Last year, I drove a Nissan GT-R for a couple of days and came to the conclusion that in the real world, nothing can be faster. It is not even a possibility.
It is not even a possibility. Truth be told, it was the first car that I was afraid to drive. I’ve heard all the stories about how it’s relatively accessible and that you can drive it every day, and yes, that is all true. However, having access to something that can propel you from standstill to the speed limit of the skyway in just 2.8 seconds, begs for a man of discipline and exceptional self-control. Even with a ridiculously planted chassis mated to a brilliant all wheel drive system, the gun is always cocked and loaded. All it needs is your right foot and some massive balls, if you have them. The car is insanely quick, it's almost gross.
The problem with that is, I’m far from the most disciplined man. I always listen to the voice that tells me to do whatever my heart desires, because moderation is a form of slavery. Having so much power on tap that translates into gobsmacking performance on our roads is a dangerous thing in hands like mine. It’s no different from leaving a bag of MDMA capsules to a man washed up on the shores of St. Tropez at 8 in the morning. He’ll have no intention of killing himself because we all know that a man that worships the good life only asks for more years of debauchery, but he’ll be in too deep before he even has the chance to get out.
Let’s not get carried away though, because the GT-R can be driven slowly. The exhaust note isn’t one to push your buttons, unless you get off on Dyson vacuums. The ride is harsh, but it’s not going to send you to the chiropractor. The transmission cooperates just like any other typical dual-clutch, although it must be said that it doesn’t appreciate traffic very much. The real devil here is the knowledge of its performance on tap. The blistering acceleration, the manner at which cars on the expressway seem to get sucked behind and disappear from view is what needs to be seen to be believed. Equally as impressive are the brakes. There is no other way to describe them other than a brick wall. I have no doubt in my mind that it will eat a Ferrari 458 Italia for breakfast and spit it out because it just isn’t worthy. Performance-wise, at least.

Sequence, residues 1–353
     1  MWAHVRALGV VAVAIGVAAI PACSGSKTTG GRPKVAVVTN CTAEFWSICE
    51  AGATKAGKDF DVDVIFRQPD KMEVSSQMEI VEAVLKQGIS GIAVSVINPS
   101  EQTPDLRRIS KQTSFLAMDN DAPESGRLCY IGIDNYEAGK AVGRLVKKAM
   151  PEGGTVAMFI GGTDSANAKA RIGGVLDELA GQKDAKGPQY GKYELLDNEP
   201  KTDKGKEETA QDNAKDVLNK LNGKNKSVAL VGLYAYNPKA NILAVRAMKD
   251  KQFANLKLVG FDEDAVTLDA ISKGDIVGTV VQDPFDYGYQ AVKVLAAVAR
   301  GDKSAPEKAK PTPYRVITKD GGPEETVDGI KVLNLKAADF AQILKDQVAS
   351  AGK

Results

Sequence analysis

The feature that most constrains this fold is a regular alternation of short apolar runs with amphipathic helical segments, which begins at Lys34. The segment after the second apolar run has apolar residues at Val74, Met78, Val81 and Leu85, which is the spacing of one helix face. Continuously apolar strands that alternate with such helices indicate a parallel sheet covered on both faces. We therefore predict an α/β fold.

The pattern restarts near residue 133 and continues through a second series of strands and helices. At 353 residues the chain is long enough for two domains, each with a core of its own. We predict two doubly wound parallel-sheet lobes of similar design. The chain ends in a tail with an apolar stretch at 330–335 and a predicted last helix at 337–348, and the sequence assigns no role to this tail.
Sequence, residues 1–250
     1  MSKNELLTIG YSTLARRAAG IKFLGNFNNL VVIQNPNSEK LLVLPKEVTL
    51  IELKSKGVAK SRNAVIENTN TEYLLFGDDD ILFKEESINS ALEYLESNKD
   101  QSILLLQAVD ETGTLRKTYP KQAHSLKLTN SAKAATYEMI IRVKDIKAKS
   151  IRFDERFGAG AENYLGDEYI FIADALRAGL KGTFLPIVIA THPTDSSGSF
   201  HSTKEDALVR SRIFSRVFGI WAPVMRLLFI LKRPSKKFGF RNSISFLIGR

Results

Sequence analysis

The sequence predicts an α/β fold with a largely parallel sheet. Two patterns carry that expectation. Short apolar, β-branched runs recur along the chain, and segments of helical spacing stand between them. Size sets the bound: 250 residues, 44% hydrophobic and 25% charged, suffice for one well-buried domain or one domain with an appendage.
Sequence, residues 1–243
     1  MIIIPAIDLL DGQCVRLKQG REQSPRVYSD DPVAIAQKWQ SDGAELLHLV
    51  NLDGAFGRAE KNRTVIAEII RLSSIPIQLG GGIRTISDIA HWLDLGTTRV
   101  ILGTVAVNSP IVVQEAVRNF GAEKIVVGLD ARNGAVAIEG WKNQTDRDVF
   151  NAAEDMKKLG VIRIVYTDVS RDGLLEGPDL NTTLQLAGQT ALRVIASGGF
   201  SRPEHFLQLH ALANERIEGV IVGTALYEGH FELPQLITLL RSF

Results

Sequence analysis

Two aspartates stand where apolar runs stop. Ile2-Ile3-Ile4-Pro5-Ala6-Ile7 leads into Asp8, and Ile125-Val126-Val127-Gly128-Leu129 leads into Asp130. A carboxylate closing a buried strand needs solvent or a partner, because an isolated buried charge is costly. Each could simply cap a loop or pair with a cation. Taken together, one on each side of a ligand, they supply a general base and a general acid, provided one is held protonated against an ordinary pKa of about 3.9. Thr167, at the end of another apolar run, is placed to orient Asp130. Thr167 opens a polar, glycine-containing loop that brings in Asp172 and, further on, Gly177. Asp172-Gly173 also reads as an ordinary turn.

The GT-R is too fast to be enjoyed. There is no journey and there is no getting there, because in a split second - you already are. It’s like falling asleep for the entire duration of a First Class Suite flight on Etihad Airways from New York to London. That is what the GT-R is. It is having a supercar experience asleep. And when you are done scaring the daylights out of your passengers, you’ll soon realize that the driving experience in itself doesn’t thrill when you are alone. There is nothing for you. Unlike a Ferrari or a Porsche, the experience is wonderful regardless of whether you are going 1,000,000,000 kilometres per hour or 20.
Godzilla is real.
This brings me squarely to the point I’m trying to make. Are supercars nowadays too fast to be truly enjoyed? For the purposes of clarity, supercars from back in the day were made in conjunction with motorsport. That’s why race legends such as Sir Stirling Moss drove their grand prix cars to the track, raced them on Sunday, and sold them by Monday. The cars that were sold to the ultra rich were the same ones that entered the 24 hours of Le Mans or the Targa Florio. They were literally street legal competition cars.
That is why so many of these vintage road legal racing cars like the Porsche 550 Spyder or the Ferrari 250 GT SWB have so much racing pedigree and unreasonable value. The racing cars now compete at extremely dangerous speeds, most of which carry cutting-edge technology and equipment that don’t make them street legal. This has forced sports car manufacturers to build a new division of limited series production cars that translate as much racing technology that can be applied to a road legal car.
Take the Porsche 911 GT3 RS, for instance. In its current form and with all things considered, it is the best track car in the world. It hurts me to say that because my obsession with Ferrari is an unhealthy one, but that is the truth and Stefano verifies it - and he too sees Ferrari as a religion. Yes, there are some of you that will say that a Lotus Exige S or a Caterham 7 is better, but you won’t be able to drive it on the track because it won’t even make it there. It's far too spartan and uncivilised.
The Porsche on the other hand, has air-conditioning, a navigation system, and a Bose audio system if you wanted one. Make no mistake about it though, it is all about the business of lap times - and it isn’t even subtle about it. To the untrained eye, a 911 Turbo S looks just like a regular Carrera only a little more dressed, like Behati Prinsloo in a Dolce & Gabbana gown. The GT3 RS is Alessandra Ambrosio, completely naked in a cage snorting lines of Peruvian cocaine.